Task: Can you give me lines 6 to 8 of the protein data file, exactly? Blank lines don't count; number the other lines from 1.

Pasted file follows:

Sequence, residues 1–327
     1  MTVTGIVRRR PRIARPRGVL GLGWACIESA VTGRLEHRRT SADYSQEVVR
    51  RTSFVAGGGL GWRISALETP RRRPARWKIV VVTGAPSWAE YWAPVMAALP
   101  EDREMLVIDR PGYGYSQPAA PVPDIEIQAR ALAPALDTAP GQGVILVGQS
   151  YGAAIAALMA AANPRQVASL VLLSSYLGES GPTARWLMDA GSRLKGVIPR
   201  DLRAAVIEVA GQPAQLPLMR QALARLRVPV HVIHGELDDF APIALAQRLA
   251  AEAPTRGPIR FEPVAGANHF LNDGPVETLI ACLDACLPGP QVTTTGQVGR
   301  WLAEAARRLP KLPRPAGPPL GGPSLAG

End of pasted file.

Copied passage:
   201  DLRAAVIEVA GQPAQLPLMR QALARLRVPV HVIHGELDDF APIALAQRLA
   251  AEAPTRGPIR FEPVAGANHF LNDGPVETLI ACLDACLPGP QVTTTGQVGR
   301  WLAEAARRLP KLPRPAGPPL GGPSLAG